The Oxford Handbook of Chinese Psychology

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Michael Harris Bond
Oxford University Press, 2010 - 732 oldal
"In recent years China has witnessed unprecedented economic growth, emerging as a powerful, influential player on the global stage. Now, more than ever, there is a great interest and need within the West to better understand the psychological and social processes that characterize Chinese people. The Oxford Handbook of Chinese Psychology is the first book of its kind-- a comprehensive and commanding review of Chinese psychology, covering areas of human functioning with unparalleled sophistication and complexity. In 42 chapters, leading authorities cite and integrate both English and Chinese-language research in topic areas ranging from the socialization of children, mathematics achievement, emotion, bilingualism, and Chinese styles of thinking to Chinese identity, personal relationships, leadership processes, and psychopathology. With all chapters accessibly written by the leading researchers in their respective fields, the reader of this volume will learn how and why China has developed in the way it has, and how it is likely to develop. In addition, the book shows how a better understanding of a culture so different to our own can tell us so much about our own culture and sense of identity. A book of extraordinary breadth, the Oxford Handbook of Chinese Psychology will become the essential sourcebook for any scholar or practitioner attempting to understand the psychological functioning of the world's largest ethnic group"--Provided by publisher.
 

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Tartalomjegyzék

Reaching this stage in studying the psychology of the Chinese people
1
1 The continuing prospects for a Chinese psychology
5
2 What is Chinese about Chinese psychology? Who are the Chinese in Chinese psychology?
19
interplay of genes brain and culture
31
4 Socioemotional development in Chinese children
37
5 Parenting and child socialization in contemporary China
53
computational and neuroimaging evidence from Chinese
69
7 Language and literacy development in Chinese children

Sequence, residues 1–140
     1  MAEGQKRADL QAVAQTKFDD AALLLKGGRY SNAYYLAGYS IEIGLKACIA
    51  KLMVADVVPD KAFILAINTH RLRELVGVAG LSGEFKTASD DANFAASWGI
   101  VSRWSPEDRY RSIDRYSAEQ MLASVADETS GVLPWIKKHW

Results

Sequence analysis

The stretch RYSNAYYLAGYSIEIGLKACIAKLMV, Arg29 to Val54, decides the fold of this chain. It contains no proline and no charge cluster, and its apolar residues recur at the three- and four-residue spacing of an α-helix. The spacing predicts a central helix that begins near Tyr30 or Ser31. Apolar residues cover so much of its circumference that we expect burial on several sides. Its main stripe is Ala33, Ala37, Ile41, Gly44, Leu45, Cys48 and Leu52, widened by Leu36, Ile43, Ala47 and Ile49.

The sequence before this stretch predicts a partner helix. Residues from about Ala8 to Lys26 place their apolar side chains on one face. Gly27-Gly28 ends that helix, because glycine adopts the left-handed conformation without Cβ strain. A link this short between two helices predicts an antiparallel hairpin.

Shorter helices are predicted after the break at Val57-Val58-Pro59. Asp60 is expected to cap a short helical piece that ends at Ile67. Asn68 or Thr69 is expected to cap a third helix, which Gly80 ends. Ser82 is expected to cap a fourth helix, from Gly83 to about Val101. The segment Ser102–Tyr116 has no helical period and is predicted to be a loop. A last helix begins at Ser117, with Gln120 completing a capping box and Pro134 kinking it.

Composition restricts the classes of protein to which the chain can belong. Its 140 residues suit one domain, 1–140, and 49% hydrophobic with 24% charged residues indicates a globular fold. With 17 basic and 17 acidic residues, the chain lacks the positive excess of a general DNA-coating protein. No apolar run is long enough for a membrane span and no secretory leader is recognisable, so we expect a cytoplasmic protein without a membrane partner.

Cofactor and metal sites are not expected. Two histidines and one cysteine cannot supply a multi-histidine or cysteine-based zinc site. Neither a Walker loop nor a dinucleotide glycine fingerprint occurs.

93
22 Psychiatric disorders in the Chinese
367
23 Clinical neuropsychology in China
383
24 The Tao way of Chinese coping
399
25 Illness behaviors among the Chinese
421
26 Community psychology in Chinese societies
441
an update of the work in the last decade
457
28 Face and morality in Confucian society
479
29 Chinese cooperation and competition
499

from basic research to intervention
109
9 Chinese bilingualism
123
from home to school
143
11 The thinking styles of Chinese people
155
12 Approaches to learning and teaching by the Chinese
169
13 Chinese students motivation and achievement
187
14 How unique is Chinese emotion?
205
15 Beliefs in Chinese culture
221
from tradition to modernity and beyond
241
17 What do we know about the Chinese self? Illustrations with selfesteem selfefficacy and selfenhancement
279
the case of the Chinese Personality Assessment Inventory
295
19 Psychology and aging in the land of the panda
309
20 Chinese wellbeing
327
a critical review
343
30 Interpersonal relationships in rapidly changing Chinese societies
515
31 A gender perspective on Chinese social relationships and behavior
533
32 Chinese cultural psychology and contemporary communication
555
political participation in Chinese societies
563
the influence of benevolent authority
579
paternalism and its elaborations moderations and alternatives
599
the effects of content process and language
623
37 Sport psychology research and its application in China
641
acculturation and adaptation of overseas Chinese
657
the Chinese context
679
Are we all Chinese?
699
some ways forward
711
Index
717
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Michael Harris Bond completed his undergraduate training in honours psychology at the University of Toronto (1966), before venturing to Stanford University where he gained a PhD in social psychology (1970). Following a post-doctoral fellowship in experimental social innovation at Michigan State University, he travelled to Japan as his wife's dependent in 1971. While she taught English, he worked as a Research Associate at Kwansei Gakuin University, studying non-verbal behaviour and beginning his first cross-cultural studies. These continued for the next 35 years, focusing on Chinese social behaviour during his first, full-time academic position at the Chinese University of Hong Kong. He moved to the Hong Kong Polytechnic University in 2009 where he is now Chair Professor of Applied Social Sciences.

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